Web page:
Many long case clocks were cut down, perhaps to fit into a cottage with a very low ceiling space, so they might require new feet to be made to match the original period concept exactly using period timber.

What to look for when buying a grandfather clock

When looking to buy a grandfather clock or long case clock one has to first decide on the sort of clock and period that fits your requirements.

Generally speaking the older the clock and the better made clocks, are going to be the most expensive, for instance a clock made by a very well-known London maker is going to cost you rather more than one made by a village horologist, even though they both do the same job, they demand rather different prices.

You can sometimes find a long case movement sitting on the cheeks of a long case trunk and if one looks you can see that is obvious that it was never intended to be there, but sometimes it's rather harder to tell, movements were mixed and moved around generally for profit! looking to see if the movement is right for the case is is a very important thing to do and making sure that the seating board for the movement is original and doesn't look as if it's been cut and to make sure that where the board sits on the cheeks of the trunk has not been cut.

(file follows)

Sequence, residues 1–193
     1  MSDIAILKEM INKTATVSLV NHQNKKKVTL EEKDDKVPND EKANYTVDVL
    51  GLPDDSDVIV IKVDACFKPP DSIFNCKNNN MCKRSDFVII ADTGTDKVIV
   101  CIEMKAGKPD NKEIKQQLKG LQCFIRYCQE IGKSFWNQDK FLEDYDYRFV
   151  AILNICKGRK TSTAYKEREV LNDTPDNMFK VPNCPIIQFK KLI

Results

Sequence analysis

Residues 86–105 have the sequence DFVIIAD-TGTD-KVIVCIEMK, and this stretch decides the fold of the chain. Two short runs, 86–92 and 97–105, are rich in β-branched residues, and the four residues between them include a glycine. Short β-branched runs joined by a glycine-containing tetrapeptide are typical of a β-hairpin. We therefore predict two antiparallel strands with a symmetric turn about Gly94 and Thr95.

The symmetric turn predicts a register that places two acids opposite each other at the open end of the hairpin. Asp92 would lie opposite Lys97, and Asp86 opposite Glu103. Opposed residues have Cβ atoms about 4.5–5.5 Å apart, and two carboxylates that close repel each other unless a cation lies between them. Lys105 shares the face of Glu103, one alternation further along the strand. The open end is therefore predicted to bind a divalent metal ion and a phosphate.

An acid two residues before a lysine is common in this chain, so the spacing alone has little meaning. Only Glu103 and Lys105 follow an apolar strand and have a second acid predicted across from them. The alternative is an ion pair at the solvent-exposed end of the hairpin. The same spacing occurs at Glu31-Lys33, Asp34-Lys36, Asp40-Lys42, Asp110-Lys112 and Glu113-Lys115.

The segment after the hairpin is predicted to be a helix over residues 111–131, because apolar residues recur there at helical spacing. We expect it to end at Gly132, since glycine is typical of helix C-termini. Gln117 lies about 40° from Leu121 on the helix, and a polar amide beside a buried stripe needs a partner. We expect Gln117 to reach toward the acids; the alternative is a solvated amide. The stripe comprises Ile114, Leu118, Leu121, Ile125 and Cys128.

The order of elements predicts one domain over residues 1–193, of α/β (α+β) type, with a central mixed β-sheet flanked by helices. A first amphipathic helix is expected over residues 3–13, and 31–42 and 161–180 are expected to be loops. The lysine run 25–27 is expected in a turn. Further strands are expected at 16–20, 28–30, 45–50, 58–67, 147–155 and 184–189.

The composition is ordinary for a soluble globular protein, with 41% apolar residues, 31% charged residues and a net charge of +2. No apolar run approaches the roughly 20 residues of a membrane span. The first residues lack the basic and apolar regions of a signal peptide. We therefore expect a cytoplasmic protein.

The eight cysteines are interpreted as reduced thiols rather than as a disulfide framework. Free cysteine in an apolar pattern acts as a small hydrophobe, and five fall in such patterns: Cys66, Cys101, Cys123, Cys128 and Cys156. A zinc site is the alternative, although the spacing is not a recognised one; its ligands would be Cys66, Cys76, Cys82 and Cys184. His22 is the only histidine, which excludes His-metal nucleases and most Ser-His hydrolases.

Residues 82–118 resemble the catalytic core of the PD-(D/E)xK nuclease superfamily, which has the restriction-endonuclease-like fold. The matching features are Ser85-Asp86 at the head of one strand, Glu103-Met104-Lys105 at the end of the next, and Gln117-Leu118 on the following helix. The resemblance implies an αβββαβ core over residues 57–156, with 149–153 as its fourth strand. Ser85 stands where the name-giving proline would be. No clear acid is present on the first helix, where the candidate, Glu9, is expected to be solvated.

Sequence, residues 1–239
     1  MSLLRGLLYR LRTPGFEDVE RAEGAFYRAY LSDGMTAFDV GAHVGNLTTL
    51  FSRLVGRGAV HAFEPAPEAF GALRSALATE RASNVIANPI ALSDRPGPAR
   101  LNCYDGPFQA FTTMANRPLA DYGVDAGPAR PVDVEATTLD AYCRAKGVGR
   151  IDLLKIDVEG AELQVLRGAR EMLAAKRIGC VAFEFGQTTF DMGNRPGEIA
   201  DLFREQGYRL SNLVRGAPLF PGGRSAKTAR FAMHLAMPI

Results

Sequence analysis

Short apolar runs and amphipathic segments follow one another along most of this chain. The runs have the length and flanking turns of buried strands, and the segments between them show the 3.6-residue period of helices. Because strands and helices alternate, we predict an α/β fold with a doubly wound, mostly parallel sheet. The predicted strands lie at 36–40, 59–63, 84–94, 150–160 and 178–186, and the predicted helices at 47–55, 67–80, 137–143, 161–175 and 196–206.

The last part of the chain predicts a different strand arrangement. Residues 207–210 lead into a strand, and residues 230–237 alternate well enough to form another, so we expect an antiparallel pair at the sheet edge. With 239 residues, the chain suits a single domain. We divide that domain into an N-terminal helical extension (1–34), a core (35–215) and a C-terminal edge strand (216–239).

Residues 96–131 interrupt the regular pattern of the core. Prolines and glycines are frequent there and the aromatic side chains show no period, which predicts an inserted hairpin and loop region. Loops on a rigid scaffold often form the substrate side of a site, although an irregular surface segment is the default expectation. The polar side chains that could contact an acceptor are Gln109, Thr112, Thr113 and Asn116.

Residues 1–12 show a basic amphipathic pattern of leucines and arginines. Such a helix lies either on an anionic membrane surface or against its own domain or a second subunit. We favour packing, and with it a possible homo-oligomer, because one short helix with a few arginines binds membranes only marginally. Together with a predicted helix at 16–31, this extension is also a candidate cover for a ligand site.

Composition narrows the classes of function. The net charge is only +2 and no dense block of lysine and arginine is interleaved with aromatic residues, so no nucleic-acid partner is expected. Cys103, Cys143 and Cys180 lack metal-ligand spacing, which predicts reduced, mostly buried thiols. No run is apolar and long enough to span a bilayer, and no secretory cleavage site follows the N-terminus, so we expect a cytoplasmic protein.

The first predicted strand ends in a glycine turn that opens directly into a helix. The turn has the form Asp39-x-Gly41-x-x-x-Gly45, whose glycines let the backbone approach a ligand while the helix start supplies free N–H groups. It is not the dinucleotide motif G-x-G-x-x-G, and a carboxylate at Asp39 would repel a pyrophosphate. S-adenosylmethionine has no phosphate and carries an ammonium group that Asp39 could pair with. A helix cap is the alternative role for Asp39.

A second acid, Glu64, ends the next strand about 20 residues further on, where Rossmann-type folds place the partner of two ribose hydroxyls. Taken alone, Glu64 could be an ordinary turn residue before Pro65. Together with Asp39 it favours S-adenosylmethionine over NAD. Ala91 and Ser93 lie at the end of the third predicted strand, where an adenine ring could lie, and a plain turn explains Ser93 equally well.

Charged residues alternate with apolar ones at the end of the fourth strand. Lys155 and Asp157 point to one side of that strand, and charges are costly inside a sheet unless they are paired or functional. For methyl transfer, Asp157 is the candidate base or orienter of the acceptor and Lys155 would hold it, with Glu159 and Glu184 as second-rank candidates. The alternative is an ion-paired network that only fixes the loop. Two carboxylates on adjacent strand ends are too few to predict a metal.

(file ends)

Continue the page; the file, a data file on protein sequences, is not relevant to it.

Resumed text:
Another important thing to look for as to whether the movement has what's known as a Birmingham plate fitted.

These plates were used generally to miss match movements to dials, they were also used if one decided to fit at a later date some additional motion work.

Below is a photograph of a Birmingham plate or false plate.

 

Birmingham plate

 

Long case or grandfather clock case restoration

A lot of the case restoration work we undertake is known as Dutch marquetry restoration. This type of marquetry is extremely attractive and is very time-consuming to renovate in a proper and correct fashion. I stress the proper and correct fashion as we have found repairs of Dutch marquetry that have been undertaken where car filler has been used to fill damaged areas under the marquetry. A proper and correct restoration would involve killing any woodworm or infestation, and replacing any base structure with like for like materials (usually oak).